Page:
So, updates to the manuscripts are coming very soon. Once they are up I will (finally) publish a post that explains the workflow in more detail and includes all the files and documentation one would need to create their own Digital Walters BookReaders, or to do the same kind of thing with their own materials.

New manuscript descriptions, and javascript

For the past couple of days I’ve been working with Doug Emery at Digital Walters on a few things that will greatly improve our little project!

1) Updating the TEI manuscript descriptions to include the height & width for each image file. If you’ve read previous posts on this blog, you know that the BookReader javascript file requires a height & width for the images in order to work correctly. My workflow has been, for each manuscript, open a representative image in Jeffrey’s Exif viewer (, and take the measurements from that image and hard-coding it into the javascript file. This is time- and effort-intensive, and it makes my head hurt. Having the measurements easily available (like, encoded into the TEI files) means that we now have the option of pulling those measurements out and applying them programmatically. Which leads us to the next cool thing we’ve been doing…

2) Improving the BookReader simple javascript file with a more thoughtful use of code to pull as much as we can out of the metadata rather than hard-coding it. Ideally the same file could be used for each manuscript, but I don’t know if we’ll get to that point.[1] The main problem seems to be with the siglum – it’s not actually coded anywhere in the metadata. When I generated the javascript files that are running the manuscripts now I used XSLT to extract the siglum from the name of the TEI file, but I am having trouble doing something similar using javascript. Although, as I think about it, there’s nothing stopping me from just adding that to the TEI files myself. We’ve already added the measurements, so why not add this too? It would be a simple script and would take a few minutes, and it might just make the javascript file completely free from hard-coded information. Perhaps I’ll try that tomorrow!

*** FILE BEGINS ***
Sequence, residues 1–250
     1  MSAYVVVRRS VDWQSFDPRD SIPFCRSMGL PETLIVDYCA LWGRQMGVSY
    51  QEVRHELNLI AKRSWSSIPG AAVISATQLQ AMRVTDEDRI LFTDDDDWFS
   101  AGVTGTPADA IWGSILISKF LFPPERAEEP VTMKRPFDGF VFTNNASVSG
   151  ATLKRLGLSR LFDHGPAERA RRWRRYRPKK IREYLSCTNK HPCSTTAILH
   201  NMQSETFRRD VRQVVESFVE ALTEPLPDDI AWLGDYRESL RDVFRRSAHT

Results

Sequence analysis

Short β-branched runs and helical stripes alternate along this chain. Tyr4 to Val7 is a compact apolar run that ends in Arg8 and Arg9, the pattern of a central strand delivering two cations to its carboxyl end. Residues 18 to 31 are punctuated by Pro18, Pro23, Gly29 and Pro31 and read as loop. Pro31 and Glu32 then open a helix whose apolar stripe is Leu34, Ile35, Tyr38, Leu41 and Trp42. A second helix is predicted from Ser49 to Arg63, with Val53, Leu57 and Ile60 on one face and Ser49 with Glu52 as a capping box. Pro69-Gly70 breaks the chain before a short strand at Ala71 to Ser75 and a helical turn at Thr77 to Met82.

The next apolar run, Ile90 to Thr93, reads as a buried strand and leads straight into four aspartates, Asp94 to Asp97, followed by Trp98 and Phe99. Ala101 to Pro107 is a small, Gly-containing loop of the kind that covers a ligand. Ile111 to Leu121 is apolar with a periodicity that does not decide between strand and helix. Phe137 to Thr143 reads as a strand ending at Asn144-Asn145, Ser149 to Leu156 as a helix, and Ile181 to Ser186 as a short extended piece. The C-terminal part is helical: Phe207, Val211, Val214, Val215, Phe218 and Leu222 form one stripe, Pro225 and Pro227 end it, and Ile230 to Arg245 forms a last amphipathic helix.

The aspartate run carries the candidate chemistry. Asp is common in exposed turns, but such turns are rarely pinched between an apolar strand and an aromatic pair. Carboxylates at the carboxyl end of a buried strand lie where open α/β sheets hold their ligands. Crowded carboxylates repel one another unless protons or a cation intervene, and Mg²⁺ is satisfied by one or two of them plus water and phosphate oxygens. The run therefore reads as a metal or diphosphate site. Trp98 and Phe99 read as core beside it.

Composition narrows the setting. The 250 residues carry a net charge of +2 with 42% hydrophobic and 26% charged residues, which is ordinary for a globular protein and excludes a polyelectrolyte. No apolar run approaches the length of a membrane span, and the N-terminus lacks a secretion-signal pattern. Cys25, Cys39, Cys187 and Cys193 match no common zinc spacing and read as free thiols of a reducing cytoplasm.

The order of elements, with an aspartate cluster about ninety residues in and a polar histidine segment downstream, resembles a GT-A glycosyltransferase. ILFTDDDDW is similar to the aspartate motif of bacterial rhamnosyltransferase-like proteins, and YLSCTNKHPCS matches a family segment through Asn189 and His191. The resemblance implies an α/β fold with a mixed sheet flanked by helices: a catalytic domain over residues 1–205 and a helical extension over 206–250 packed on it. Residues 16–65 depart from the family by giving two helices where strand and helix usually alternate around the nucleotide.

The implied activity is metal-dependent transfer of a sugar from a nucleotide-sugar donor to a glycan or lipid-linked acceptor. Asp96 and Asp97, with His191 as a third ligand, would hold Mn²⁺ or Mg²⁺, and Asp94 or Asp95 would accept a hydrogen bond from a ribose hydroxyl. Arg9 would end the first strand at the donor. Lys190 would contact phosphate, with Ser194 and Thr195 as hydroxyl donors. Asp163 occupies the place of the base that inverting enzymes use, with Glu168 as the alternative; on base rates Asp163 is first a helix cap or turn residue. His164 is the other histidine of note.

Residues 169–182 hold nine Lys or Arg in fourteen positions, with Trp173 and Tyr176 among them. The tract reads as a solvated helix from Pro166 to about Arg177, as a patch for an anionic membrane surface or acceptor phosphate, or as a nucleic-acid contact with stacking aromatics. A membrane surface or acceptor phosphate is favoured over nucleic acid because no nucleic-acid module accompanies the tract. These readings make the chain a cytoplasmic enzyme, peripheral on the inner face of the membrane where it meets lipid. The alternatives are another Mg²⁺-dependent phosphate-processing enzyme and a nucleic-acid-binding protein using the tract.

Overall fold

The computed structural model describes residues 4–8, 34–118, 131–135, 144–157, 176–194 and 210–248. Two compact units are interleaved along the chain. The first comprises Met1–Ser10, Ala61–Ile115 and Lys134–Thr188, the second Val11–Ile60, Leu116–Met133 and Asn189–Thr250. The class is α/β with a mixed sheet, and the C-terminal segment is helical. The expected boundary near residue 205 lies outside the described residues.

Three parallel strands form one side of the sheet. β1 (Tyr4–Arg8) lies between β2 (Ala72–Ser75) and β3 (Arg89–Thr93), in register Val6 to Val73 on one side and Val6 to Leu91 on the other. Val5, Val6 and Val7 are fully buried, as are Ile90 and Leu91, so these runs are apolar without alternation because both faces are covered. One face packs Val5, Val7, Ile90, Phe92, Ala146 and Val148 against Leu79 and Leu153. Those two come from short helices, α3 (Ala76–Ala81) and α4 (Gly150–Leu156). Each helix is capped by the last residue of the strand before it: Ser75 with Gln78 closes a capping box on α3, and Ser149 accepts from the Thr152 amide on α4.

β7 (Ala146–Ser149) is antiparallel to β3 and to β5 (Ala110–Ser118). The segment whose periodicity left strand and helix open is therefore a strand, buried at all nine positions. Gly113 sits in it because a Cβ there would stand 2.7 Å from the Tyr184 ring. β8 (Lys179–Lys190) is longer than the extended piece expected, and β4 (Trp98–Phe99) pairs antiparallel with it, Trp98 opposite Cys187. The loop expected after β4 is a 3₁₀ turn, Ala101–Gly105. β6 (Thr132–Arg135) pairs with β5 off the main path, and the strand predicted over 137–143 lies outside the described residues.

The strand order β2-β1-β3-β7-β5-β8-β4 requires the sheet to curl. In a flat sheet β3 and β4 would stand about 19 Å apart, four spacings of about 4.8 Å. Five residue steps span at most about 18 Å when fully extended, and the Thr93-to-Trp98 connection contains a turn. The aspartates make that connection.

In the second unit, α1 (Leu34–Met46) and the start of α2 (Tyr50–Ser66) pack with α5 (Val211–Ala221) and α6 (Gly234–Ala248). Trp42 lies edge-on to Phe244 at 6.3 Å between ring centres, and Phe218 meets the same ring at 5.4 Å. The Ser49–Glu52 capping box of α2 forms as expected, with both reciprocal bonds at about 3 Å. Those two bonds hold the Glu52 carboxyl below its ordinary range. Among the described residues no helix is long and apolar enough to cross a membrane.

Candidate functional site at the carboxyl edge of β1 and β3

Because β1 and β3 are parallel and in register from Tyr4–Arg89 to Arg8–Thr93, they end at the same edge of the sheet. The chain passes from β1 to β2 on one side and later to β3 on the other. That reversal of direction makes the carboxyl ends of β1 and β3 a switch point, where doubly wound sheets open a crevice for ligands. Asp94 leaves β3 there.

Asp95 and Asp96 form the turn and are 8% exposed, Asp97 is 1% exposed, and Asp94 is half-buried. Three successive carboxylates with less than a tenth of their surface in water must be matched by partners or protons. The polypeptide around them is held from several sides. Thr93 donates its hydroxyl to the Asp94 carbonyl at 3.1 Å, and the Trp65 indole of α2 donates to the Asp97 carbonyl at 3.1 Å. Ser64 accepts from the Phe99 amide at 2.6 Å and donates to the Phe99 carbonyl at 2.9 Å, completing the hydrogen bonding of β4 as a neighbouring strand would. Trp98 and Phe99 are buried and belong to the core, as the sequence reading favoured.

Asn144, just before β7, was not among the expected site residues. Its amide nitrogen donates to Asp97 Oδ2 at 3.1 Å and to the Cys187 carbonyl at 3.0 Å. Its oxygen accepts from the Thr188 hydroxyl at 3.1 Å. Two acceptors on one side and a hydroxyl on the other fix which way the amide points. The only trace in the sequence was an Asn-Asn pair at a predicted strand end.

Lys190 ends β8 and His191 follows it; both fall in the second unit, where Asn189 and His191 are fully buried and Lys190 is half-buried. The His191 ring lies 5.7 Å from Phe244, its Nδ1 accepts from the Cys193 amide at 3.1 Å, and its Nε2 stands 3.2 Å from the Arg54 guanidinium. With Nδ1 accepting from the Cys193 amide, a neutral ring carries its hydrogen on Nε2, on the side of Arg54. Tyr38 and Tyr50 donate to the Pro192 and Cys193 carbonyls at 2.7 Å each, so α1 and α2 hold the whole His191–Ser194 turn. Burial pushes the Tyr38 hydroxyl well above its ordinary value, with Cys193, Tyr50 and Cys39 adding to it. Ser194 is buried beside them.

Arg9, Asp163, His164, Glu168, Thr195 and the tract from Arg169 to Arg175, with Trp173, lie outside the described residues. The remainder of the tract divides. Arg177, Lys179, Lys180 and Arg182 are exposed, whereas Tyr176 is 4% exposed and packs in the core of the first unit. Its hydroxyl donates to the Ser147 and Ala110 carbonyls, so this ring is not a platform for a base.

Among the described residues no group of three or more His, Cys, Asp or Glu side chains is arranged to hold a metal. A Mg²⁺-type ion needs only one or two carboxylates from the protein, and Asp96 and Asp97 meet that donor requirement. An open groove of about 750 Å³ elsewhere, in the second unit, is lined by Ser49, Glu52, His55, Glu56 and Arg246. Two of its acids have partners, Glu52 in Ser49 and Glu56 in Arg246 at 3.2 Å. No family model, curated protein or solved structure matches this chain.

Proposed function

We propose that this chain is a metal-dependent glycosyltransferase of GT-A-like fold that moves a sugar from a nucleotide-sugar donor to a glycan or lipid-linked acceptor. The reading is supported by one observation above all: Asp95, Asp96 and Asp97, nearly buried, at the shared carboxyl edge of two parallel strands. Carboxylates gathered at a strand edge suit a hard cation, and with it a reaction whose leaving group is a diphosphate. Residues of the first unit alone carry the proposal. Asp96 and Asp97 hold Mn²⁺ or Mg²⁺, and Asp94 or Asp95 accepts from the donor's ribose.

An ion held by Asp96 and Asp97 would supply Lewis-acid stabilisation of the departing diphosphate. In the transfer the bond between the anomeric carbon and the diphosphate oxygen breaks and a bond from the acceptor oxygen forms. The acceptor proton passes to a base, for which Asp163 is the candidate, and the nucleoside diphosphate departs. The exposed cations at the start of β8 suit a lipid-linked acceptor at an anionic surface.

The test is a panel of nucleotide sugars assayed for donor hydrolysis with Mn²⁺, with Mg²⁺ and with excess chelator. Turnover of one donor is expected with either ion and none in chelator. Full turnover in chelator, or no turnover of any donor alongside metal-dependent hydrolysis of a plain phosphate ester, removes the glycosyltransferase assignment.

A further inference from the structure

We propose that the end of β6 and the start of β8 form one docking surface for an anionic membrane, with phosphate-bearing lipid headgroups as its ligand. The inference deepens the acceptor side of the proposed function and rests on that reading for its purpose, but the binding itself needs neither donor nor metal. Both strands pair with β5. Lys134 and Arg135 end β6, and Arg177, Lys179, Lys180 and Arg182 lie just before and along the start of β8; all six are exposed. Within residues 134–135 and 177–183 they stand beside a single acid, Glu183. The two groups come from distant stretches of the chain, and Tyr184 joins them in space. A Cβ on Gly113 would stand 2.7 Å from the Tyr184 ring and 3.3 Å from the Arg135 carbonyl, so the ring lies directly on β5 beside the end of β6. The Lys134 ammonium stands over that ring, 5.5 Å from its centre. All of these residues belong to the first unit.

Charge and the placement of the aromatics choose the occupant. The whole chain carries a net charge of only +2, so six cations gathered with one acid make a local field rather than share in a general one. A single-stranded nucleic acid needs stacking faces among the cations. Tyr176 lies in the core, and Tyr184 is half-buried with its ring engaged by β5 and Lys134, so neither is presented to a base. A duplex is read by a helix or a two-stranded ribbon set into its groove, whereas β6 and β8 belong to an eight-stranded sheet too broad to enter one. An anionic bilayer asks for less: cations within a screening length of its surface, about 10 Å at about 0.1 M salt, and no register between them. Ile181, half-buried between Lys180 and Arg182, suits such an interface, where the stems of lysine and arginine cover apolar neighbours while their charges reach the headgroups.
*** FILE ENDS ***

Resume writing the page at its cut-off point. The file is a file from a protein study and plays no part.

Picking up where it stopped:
Although I started out intending to do everything myself, I’m really glad to have picked up a partner to help me with the javascript (someone who also happens to be knowledgeable about the metadata and able to feed me additional metadata when needed!). I have learned a lot in the past week, and this is the first time I’ve done javascript and really understood how it’s working, and I feel confident applying it on my own. It’s pretty exciting.

[1] If you’ve read previous posts, you know that I do want to have self-contained sets of files for each mss, rather than running everything off of one javascript file controlled by a drop-down list of sigla or something like that. I think that it would be possible to do that, but it’s not really what I want. When I say “the same file used for each manuscript” I mean that identical files could be found running each manuscript. I hope this distinction makes sense.